When learnability and universals disagree: The case of phonological repetition

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Abstract / Description of output

In the past few decades, much research on the connection between language acquisition and linguistics has been driven by the notion that human language is shaped by learning biases that favour certain types of structures over others. A broad prediction that follows from this idea is that linguistic patterns that are systematically preferred in human languages should be consistent with what is more readily learned, and vice versa. This prediction has generated a large body of findings indicating, for example, that phonological or syntactic structures that are typologically unmarked in natural languages emerge earlier in children’s production or are preferred by adult participants in artificial language experiments compared to structures that are typologically marked.

In this talk, I examine a case where this generalization fails, and discuss its implications for this general strategy in exploring the link between language acquisition and linguistic theory. The particular case relates to phonological repetitions within a lexical unit, as exemplified by the repetition of the same syllable in words like cocoa (/koko/). There is typological, statistical and psycholinguistic evidence that, except when it is employed morphologically (that is, as reduplication marking plurality, iterativity, intensity etc.), languages tend to avoid such repetitions (Berent, Bat-El, Brentari, Dupuis, and Vaknin-Nusbaum 2016, Monaghan and Zuidema 2015, Pozdniakov and Segerer 2007). Yet, there are learning theories that argue that human perception and memory should prefer string-internal repetitions, including those in linguistic structures (Endress, Nespor, and Mehler 2009). This claim is not only consistent with neonates’ neurological responses to auditory stimuli with repetition (Gervain, Macagno, Cogoi, Peña, and Mehler 2008; Gervain, Gerent, and Werker 2012) and the preponderance of sound repetitions in infant-directed vocabulary (Ferguson 1964, 1977), but also with experimental evidence that infants are more adept at segmenting and learning words consisting of identical, rather than non-identical, syllables (Ota and Skarabela 2016, in press). These findings indicate that, when it comes to phonological repetitions, there are diametrically opposite tendencies between what is preferred by learners and what is preferred by language systems.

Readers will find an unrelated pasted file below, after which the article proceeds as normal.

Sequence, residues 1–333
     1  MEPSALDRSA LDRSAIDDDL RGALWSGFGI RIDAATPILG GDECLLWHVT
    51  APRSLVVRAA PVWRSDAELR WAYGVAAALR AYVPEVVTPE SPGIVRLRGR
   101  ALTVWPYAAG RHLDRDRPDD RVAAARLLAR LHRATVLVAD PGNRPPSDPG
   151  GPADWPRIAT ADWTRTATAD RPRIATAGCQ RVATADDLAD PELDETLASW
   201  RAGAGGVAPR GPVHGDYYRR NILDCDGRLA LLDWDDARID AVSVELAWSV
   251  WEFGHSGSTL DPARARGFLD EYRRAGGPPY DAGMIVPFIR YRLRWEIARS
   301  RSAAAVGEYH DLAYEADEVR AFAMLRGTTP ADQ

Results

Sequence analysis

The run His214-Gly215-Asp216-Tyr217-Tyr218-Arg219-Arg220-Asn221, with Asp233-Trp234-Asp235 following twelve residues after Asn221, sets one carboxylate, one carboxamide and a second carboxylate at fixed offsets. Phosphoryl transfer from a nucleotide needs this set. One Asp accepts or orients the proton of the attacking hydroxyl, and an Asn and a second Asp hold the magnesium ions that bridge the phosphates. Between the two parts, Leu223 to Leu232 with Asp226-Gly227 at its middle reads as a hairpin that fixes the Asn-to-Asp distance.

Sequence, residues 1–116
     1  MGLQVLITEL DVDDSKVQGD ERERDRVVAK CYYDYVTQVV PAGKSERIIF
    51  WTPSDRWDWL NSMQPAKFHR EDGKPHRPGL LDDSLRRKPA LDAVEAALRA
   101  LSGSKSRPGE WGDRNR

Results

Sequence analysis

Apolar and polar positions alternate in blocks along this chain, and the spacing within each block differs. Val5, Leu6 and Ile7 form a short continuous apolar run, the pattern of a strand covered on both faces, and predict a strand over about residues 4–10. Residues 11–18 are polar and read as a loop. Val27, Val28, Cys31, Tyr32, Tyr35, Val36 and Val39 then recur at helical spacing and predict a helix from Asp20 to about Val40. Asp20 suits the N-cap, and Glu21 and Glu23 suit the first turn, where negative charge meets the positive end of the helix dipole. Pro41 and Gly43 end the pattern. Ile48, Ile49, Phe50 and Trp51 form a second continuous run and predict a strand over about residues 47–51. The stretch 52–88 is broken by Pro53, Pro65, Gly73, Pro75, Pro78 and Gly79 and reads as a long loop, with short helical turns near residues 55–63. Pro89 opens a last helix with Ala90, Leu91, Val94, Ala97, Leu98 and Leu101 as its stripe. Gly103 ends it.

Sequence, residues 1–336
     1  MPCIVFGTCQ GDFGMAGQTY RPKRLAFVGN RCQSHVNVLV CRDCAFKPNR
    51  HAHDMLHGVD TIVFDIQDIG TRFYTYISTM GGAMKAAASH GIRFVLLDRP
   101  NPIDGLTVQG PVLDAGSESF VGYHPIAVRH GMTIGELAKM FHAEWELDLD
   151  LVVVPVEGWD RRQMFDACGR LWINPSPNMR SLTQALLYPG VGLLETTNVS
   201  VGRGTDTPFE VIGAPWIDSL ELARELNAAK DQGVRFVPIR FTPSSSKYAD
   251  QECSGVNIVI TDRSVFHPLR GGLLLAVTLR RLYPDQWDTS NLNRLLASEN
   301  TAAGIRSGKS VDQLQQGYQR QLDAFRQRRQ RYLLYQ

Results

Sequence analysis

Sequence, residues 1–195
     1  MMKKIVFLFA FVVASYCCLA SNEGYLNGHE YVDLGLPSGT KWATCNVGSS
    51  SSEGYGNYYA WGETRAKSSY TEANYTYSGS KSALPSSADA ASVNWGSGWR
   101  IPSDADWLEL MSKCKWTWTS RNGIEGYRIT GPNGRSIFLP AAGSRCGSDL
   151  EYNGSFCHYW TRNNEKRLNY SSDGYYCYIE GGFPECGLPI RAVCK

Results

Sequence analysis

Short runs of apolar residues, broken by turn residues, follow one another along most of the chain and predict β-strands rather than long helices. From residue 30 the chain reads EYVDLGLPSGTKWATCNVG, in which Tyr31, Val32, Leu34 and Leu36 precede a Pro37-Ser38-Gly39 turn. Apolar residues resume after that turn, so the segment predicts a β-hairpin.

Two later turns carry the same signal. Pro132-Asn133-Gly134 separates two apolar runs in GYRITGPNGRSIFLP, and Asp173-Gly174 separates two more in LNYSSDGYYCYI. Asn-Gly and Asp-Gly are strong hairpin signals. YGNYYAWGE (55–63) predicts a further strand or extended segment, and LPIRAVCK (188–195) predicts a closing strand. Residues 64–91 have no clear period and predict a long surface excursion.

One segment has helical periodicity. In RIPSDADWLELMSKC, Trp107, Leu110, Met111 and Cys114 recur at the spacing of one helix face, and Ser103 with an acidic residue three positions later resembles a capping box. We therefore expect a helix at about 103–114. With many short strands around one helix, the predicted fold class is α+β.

What are the implications of this observation? First, it shows that the putative link between learning and language universals may not be as straightforward as we might think, and a more nuanced understanding of the relationship is in order. Second, the presence of general linguistic patterns in conflict with learning biases suggests that some factors that shape human languages can trump learnability pressures. Lastly, it raises the possibility that, although having served us extremely well, the general strategy of focusing on consistencies between acquisition and language universals may also have blinded us from potentially illuminating dynamics between learning and linguistic patterns that we have not paid sufficient attention to. I will address these issues by drawing from the insights and methodology that have been developed in the study of language evolution.
Original languageEnglish
Publication statusPublished - 2017
EventAnnual Meeting of the Linguistic Association of Great Britain - University of Kent, Canterbury, United Kingdom
Duration: 4 Sept 20177 Sept 2017


ConferenceAnnual Meeting of the Linguistic Association of Great Britain
Abbreviated titleLAGB
Country/TerritoryUnited Kingdom


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